The Kraken vs the Colossal Squid
For centuries, tales of a ginormous cephalopod lurking in the ocean and rising from the deep to crush ships with its gargantuan tentacles have been used to scare sailors and explain missing ships. Crypto-zoologists will tell you that the oceans are deep, and unexplored, and that there could still be any number of ‘mythical’ creatures waiting to be discovered – even the dreaded Kraken. But where did these myths come from? And is there any truth behind them?
In its earliest form, stories of the Kraken come from Scandinavian mythology, specifically the areas around Norway and Greenland. Its name derives from the Norse word, Kraki, meaning twisted, and in its earliest iterations it was often described similarly to either a whale, or a giant crab.
It was said that there are only two Kraken in the world, and that these Kraken are infertile and immortal. They are described as being large enough to be mistaken for land, with spiky, crab-like limbs. The danger of the Kraken came not from its hunger for human flesh and its ability to attack ships, but rather the large whirlpools that were created when it fed.
In later myths, the Kraken shifted to become the humongous squid-like creature that we think of today. With its eight tentacles – each one lined with sharp hook, and a hunger for human flesh, the Kraken would seize ships and crush them with its unnatural strength. The vessel would be destroyed, and the crew plunged into the sea to be devoured at its leisure.
Unlike many mythological creatures, which frequently have a plethora of animals thought to have inspired their mythos, there is one real contender for the Kraken – the giant squid.
The giant squid is one of the largest invertebrates on Earth, and also one of its most elusive creatures. In 2004, it was filmed for the first time in its natural habitat, but before then much of its behaviour remained unknown. The squid has been found all around the world, and the largest squid on record measured 59 feet, and weighed almost a ton. But if the creature was so elusive, how could it have inspired the myths of the Kraken?
While living giant squid may be elusive and rare, there are historical accounts of dead squid washing up on beaches centuries ago, with the first recorded in the 1800s. With even more of the sea undiscovered than today, it is easy to see why people in the past may have imagined even larger creatures, lurking in the depths. Another clue that would have historically hinted at the existence of giant squid would have been sperm whales, who will dive deep into the ocean to hunt giant squid in the depths. However, giant squid are never willing to go down without a fight, and so many sperm whales bear scarring from the suckers and beak of the squid that they hunt. With the whale measuring up to 16 meters, any creature large enough to attack it must be huge – feeding into the Kraken mythos.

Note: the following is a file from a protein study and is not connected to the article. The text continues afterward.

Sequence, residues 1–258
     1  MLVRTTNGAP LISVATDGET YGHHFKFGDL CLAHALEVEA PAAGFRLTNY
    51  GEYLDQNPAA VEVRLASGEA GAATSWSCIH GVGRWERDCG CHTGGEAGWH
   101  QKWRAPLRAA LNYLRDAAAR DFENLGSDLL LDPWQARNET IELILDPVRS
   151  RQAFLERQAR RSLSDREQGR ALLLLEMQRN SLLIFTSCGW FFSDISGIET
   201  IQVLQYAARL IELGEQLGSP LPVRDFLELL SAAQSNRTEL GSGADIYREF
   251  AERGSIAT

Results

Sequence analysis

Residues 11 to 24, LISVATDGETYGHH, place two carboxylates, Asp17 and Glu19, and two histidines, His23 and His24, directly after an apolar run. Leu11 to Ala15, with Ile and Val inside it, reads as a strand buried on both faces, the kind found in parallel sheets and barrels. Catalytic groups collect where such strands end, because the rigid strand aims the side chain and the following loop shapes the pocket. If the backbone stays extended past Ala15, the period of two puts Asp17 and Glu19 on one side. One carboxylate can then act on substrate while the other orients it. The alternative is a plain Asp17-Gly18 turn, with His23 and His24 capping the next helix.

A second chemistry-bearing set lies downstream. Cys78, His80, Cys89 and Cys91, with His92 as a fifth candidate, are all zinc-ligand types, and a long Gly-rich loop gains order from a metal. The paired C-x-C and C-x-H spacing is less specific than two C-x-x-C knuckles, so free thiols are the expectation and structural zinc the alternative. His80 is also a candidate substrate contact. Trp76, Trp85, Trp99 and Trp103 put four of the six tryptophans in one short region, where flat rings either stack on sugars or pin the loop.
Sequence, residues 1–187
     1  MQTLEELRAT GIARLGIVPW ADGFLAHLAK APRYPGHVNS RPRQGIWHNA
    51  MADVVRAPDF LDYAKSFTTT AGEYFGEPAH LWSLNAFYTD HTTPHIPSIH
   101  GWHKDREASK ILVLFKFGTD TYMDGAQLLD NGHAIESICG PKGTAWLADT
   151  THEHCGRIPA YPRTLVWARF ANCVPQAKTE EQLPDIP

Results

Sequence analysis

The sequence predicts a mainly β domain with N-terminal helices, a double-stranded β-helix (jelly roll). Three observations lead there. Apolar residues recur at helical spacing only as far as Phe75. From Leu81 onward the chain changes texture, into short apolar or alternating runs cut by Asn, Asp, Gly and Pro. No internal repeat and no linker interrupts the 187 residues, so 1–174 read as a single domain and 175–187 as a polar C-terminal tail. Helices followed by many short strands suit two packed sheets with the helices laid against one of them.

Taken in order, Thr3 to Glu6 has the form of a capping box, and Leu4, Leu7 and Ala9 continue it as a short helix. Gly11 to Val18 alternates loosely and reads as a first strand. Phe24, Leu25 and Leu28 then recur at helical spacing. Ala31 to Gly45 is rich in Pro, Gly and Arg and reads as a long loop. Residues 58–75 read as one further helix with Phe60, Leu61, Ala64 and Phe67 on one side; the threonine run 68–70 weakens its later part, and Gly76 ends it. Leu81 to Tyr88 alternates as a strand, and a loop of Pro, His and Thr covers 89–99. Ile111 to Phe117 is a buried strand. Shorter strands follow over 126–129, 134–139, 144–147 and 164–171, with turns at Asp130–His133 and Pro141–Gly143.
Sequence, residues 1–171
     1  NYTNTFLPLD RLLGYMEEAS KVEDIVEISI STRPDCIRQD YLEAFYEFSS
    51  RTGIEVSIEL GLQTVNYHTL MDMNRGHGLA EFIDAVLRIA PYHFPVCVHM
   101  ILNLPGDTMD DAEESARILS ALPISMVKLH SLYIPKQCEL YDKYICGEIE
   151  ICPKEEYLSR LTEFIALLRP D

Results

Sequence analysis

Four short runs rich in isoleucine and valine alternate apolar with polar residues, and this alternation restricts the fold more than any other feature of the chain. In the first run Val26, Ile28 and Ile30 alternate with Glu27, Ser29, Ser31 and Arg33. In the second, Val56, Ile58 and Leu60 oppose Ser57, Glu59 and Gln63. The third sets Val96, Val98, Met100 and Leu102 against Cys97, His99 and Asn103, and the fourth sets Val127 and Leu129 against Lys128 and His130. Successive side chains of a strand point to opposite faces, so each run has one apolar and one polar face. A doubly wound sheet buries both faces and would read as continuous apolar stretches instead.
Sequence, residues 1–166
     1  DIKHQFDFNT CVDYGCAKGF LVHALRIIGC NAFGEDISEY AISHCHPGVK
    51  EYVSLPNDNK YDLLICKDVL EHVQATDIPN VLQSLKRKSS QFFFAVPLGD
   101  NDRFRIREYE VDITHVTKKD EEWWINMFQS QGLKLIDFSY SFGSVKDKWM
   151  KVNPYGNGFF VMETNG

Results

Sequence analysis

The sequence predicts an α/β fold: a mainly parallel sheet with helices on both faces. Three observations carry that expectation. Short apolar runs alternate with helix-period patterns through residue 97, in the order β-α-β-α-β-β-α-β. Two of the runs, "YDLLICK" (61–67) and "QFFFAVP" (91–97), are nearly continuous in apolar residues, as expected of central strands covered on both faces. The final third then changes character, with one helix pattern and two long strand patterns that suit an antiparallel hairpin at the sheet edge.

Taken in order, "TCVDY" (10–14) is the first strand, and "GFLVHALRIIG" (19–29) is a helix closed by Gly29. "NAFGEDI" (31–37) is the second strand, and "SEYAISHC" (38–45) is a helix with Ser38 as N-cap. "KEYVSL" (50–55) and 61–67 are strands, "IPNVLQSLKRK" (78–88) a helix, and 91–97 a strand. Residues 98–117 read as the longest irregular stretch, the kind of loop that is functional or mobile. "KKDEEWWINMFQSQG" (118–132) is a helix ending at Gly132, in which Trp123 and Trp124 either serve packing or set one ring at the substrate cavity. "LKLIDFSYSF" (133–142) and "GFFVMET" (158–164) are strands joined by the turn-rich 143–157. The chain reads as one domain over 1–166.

In more recent times however, there has been another contender put forward as inspiration for the Kraken myth – the colossal squid. Living in the depths of the Arctic ocean, the colossal squid is even more elusive than the giant. In size, it is similar to the giant squid, although it is often exaggerated as much bigger (possibly due to its name). In terms of scientific discovery, it is almost a full century behind the giant squid and was first categorised in 1925. While its elusive nature, and deep habitat means that it has largely been rejected as a source behind the Kraken mythology, it does have one advantage on the giant squid. Much like the Kraken, the colossal squid has 25 hooks in its tentacles, though unlike the Kraken it’s unlikely that the colossal squid would use them to grab hold of ships.
Unfortunately (or fortunately depending on your perspective) tales of the giant or colossal squid attacking ships are mostly either exaggerated or disproved altogether. The squid which does have a justly deserved reputation for attacking humans is the Humboldt squid. While nowhere near as large as the giant or colossal squid, the Humboldt does grow as large as two feet and is promisingly nicknamed the diablos rojos (red devil). They rarely attack swimmers as they prefer deeper waters, but multiple divers have described terrifying encounters. Though they are more similar in temperament to legends of the Kraken, this squid tends to prefer the waters around South America making it unlikely (but not impossible) that they would inspire a creature from Scandinavian myth.
Still, although the oceans are unlikely to boast a hidden, ship-destroying Kraken, large as an island and hungering for human flesh – there are still huge squid living in the ocean, perhaps not the terrifying beasts from nautical myth, but just as fascinating as the legendary creature.